Now is a good time to change single-use plastic habits  

Plastic Free July rolled around again and we were all invited to join people around the world reducing their plastic waste. The simple message was ‘take steps to beat plastic pollution by choosing to refuse single-use plastic’. 

The movement began in 2011 and has grown to an estimated 140 million participants in 190 countries taking part in 2022. If you believe your small contribution by reducing your use of single use plastics won’t make much difference, think about this: the global social movement stops around 300 million kilograms of plastic polluting the world each year. That’s a big step towards less waste and a cleaner environment. And it all started with the passion of one woman, Rebecca Prince-Ruiz, in a local government in Western Australia! Rebecca was recognised as a WA Local Hero in the 2021 Australian of the Year awards. 

The need to avoid these hazardous plastics has become widely accepted in recent years. We’re used to taking a bag to the supermarket since plastic shopping bags were banned in 2018 and the use of reusable ‘keep cups’ is commonplace. A container deposit scheme was introduced in 2020. Most plastic drink containers that are 150ml to three litres are accepted. From July 1 2022 the WA Government added disposable plastic utensils, straws, disposable plastic foodware and containers without lids, as well as expanded polystyrene take-away food containers, to the banned list. Balloon releases are also banned but balloons are not outlawed and remain a danger to wildlife. 

Further bans will apply from September 1, 2023 including expanded polystyrene packaging, degradable plastics, the expanded plastic cups and trays used for raw meat and seafood, microbeads and cotton buds.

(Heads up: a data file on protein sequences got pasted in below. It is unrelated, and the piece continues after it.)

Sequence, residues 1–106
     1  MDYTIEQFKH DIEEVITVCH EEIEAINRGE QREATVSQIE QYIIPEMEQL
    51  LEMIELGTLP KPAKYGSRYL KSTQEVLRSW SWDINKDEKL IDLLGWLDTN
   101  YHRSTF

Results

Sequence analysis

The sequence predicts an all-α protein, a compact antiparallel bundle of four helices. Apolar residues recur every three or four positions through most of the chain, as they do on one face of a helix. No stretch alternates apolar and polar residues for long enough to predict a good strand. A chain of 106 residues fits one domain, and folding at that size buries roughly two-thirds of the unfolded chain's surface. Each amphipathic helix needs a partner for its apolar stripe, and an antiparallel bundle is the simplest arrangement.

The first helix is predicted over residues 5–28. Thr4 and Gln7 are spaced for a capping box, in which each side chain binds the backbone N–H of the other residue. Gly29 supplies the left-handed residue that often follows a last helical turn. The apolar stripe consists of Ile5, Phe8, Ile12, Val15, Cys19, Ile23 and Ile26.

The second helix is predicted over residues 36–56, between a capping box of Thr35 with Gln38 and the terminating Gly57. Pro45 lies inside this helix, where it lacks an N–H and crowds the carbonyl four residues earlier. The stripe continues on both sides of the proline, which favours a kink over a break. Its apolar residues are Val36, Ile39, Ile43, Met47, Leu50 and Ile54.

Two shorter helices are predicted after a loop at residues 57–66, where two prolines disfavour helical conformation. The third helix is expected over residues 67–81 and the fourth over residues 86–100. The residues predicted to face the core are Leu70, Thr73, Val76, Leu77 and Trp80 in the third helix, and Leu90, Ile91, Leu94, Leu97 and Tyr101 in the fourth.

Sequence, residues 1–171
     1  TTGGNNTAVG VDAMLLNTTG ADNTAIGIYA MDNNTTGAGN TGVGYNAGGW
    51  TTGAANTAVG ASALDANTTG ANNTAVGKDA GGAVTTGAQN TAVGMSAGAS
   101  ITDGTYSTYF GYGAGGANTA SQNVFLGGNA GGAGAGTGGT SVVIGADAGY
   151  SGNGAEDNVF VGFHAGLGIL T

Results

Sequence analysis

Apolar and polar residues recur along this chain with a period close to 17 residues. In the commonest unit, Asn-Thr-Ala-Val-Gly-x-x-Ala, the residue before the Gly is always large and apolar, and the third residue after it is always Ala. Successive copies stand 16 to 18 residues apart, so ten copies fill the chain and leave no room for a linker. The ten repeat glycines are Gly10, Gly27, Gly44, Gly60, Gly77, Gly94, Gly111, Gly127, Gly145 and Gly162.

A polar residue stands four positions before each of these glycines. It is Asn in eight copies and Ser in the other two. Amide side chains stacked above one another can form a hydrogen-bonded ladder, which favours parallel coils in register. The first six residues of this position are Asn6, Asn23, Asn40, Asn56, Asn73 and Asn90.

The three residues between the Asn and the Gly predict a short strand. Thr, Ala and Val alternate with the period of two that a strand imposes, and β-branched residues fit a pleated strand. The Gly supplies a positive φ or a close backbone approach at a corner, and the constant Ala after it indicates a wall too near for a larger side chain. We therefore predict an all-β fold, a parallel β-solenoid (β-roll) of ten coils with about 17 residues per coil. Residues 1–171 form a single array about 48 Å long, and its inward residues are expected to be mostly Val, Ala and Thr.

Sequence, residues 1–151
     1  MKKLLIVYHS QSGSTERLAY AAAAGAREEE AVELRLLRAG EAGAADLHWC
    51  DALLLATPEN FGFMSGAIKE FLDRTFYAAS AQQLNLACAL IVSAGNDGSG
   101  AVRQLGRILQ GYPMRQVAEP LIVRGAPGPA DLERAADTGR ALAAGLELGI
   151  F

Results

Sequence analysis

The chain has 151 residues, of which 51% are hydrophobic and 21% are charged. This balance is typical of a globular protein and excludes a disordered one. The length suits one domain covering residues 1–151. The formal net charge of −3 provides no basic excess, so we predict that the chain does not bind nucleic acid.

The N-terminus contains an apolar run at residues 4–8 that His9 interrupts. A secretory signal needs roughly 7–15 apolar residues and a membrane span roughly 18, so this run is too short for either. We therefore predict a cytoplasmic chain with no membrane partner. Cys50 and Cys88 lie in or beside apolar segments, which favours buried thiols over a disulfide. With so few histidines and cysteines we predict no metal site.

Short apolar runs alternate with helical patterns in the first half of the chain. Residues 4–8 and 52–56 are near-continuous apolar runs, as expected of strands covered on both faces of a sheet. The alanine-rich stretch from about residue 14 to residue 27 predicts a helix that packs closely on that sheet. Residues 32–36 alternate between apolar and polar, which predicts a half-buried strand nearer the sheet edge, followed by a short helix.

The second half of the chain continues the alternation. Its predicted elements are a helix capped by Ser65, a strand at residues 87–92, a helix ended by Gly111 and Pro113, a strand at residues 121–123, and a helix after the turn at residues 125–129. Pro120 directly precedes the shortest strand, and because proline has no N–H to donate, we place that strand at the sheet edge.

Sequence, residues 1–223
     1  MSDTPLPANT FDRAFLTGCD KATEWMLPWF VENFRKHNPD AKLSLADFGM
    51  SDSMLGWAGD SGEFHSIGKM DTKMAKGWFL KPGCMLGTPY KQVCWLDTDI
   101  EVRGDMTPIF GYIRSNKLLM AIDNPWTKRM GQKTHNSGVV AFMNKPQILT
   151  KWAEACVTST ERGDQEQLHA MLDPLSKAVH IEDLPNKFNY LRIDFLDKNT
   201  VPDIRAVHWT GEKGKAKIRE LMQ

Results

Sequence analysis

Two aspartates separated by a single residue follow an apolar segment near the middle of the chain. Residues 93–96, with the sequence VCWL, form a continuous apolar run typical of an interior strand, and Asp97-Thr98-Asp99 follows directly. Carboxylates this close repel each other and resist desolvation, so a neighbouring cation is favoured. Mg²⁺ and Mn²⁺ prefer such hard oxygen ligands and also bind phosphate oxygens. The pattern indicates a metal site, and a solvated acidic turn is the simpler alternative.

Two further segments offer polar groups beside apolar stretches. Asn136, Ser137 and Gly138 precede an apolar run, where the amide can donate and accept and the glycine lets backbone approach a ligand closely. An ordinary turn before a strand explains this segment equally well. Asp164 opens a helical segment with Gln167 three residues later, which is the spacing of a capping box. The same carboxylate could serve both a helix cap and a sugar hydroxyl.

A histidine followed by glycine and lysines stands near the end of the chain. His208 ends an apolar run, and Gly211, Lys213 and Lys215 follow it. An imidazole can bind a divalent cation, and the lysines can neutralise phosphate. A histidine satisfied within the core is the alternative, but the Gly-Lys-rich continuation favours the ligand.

Now is a good time to prepare for the changes that will follow the September ban by getting into the habit of replacing single-use plastic items with reusable alternatives wherever possible. Many shops including butchers will happily place your items in your own take-away container and there are some great cleaning and personal care products on the market that offer refills. My son gave me a handy gift last year – a voucher to buy eco-friendly products that helped me to stock my kitchen with reusable bowl covers in a range of sizes to replace plastic wrap, a bread bag and net bags for buying fruit and veg. I added soap-bar hair shampoo and a pretty water bottle. The Plastic Free July website offers lots of ideas to help you to reduce single-use plastic waste at home, work, school and at your local café, as well as a ‘shop’ for reusable products.

Changing our habits can be challenging but it’s rewarding to know that you are doing your bit to reduce litter and landfill and to protect our precious environment and wildlife. 

More information:
Plastic Free July hints

WA Plastic ban from September